Tuesday, May 17, 2016

Report: ABC No Rio set to close next month ahead of demoliton for new building

ABC No Rio first unveiled plans for a new building on Rivington Street back in March 2008. Now, after delays "by red tape and rising costs," The New York Times reports that the cultural center here between Suffolk and Clinton will likely be cleared out by the end of June, with a demolition to come this fall.

The decision to act now, the Times notes, came after developers paid $30 million for the former Streit's matzo factory next door that will become condos.

Per the Times: "Given No Rio’s age and condition, the structure seemed unlikely to survive the demolition next door."

Here's more from the article:

No Rio plans to replace its fragile four-story home with an environmentally friendly new structure where artists will continue to present the same type of boundary-pushing material that has become the center’s hallmark.

And from ABC No Rio’s director, Steven Englander:

On a recent evening Mr. Englander reflected on No Rio’s future, including the question of how to maintain its oppositional ethos in an ever-gentrifying environment.

That animating spirit, Mr. Englander said, comes from the people inside the building rather than its surroundings. If anything, he suggested, the changes in the neighborhood may make No Rio’s willingness to explore the margins more vital.

“Nobody knows what New York City will be like when this hypergentrification catches its breath,” he said, adding: “I’m pretty confident that people in line with the mission and purpose here will always be around.”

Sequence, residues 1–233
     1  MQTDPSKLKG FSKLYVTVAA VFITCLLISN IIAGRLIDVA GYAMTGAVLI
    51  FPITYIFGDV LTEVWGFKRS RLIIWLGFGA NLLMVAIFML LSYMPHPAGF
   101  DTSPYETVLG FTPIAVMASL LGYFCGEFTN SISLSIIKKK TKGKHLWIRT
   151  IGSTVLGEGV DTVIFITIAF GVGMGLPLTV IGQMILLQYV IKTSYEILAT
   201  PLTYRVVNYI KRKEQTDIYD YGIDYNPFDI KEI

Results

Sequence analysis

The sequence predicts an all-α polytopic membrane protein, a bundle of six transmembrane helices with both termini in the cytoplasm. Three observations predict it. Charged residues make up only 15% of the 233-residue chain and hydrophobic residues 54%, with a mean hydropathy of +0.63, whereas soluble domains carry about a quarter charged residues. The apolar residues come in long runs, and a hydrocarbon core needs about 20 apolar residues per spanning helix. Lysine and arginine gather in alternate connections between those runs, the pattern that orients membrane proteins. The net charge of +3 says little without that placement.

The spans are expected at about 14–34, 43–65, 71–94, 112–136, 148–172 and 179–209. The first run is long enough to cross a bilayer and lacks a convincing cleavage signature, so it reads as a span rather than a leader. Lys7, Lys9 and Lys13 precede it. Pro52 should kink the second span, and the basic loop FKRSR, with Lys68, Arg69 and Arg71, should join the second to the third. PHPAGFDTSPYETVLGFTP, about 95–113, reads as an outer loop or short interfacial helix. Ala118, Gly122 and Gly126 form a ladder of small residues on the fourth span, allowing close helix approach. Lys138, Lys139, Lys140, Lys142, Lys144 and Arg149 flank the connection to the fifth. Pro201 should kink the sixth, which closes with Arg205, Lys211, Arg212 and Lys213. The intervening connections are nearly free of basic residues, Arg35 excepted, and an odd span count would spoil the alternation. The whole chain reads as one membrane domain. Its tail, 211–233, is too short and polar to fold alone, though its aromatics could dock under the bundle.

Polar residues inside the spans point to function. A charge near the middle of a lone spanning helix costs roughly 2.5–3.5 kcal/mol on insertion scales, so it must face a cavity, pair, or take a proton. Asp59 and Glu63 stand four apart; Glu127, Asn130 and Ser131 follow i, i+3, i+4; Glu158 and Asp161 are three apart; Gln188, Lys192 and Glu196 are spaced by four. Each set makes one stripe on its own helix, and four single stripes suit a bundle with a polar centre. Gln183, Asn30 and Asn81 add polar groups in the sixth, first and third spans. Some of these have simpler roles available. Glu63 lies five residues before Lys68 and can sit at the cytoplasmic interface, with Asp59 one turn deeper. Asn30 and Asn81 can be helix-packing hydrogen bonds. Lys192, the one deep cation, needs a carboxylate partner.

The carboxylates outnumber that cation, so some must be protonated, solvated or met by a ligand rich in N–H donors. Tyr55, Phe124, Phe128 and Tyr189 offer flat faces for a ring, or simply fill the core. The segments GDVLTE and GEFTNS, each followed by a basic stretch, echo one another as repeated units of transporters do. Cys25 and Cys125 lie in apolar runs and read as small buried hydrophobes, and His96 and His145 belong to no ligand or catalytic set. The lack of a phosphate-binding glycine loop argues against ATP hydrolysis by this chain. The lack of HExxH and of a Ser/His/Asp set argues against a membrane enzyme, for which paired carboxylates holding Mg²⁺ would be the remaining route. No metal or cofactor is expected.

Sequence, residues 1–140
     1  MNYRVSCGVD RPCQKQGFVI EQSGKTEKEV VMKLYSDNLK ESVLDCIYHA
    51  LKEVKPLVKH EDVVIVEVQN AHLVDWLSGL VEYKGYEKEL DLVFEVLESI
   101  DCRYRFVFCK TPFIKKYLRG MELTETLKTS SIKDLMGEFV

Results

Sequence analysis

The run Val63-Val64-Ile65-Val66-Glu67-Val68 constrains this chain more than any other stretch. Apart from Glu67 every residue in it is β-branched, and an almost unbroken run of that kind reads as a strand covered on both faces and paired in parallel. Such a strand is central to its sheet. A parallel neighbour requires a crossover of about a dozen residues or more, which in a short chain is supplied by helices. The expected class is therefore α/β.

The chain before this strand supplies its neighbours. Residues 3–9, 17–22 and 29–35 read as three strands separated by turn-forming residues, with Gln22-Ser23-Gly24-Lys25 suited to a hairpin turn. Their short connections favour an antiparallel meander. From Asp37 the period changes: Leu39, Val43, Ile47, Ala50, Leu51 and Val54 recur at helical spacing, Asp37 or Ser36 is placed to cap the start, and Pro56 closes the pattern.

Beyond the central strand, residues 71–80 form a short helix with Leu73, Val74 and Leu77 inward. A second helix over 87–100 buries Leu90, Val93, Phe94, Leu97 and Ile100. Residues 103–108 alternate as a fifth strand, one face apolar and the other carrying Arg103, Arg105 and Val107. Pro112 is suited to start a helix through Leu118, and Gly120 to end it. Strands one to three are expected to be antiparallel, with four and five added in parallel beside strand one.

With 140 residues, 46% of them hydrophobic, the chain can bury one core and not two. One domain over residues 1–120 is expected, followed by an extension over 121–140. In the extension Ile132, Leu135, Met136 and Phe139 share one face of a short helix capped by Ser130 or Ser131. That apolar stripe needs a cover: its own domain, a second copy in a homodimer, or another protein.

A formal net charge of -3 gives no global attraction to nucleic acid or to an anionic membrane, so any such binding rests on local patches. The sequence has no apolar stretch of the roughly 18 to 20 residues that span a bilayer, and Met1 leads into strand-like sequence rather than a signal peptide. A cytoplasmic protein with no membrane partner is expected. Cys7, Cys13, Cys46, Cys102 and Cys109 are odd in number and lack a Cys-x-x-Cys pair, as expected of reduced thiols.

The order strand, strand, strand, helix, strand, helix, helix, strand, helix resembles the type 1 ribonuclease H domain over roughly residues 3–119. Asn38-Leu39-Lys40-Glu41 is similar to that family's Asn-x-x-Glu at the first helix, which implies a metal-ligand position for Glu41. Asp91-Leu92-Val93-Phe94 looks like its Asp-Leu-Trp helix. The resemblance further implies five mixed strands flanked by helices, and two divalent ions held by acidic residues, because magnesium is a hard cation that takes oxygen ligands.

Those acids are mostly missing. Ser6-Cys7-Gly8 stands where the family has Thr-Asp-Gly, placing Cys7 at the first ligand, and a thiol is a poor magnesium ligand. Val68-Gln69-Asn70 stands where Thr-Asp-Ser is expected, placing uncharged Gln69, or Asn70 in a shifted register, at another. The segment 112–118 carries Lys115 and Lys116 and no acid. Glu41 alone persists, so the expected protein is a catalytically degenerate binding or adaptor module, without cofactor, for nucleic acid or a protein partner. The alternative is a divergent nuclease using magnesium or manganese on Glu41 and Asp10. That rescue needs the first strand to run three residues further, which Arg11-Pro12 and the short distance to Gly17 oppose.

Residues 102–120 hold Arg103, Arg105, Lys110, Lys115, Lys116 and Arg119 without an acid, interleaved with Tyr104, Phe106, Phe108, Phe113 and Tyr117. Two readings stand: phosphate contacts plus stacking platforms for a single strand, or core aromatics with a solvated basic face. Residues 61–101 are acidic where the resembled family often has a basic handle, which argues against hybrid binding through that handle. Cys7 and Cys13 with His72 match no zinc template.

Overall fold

ABC No Rio's impressive zine collection recently moved to the nearby Clemente Soto VĂ©lez Cultural and Educational Center... while the Saturday matinee punk shows will move to various venues across the city.

You can read more about the new building and check out the renderings at the ABC No Rio website.



Anonymous said...

“I’m pretty confident that people in line with the mission and purpose here will always be around.” Good for them although I doubt the artists they are speaking of will be able to afford this city or have any interest in living here in the coming years, yes it will get that vanilla downtown.

Walter said...

It's OVER. I'm preparing to leave after 45 years in this neighborhood.

RRReality1 said...

It is really imperative that No Rio survive. It is one of less than five remaining local community centers run on a collectivized, cooperative organizational basis, that has programming directly populated by local artists. It is fundamental to preserving, strengthening and teaching the cultural identity and heritage of the local community. Such places were the norm in the neighborhood only fifteen or twenty years ago. Social cleansing ( what you call 'gentrification' ) like what happened to Streit's is largely the cause for the mass extinction. Unfortunately, with the routine corruption and bureaucratic red tap endemic to NYC, we will be lucky to have anything back in No Rio's place before ten years.

chris flash said...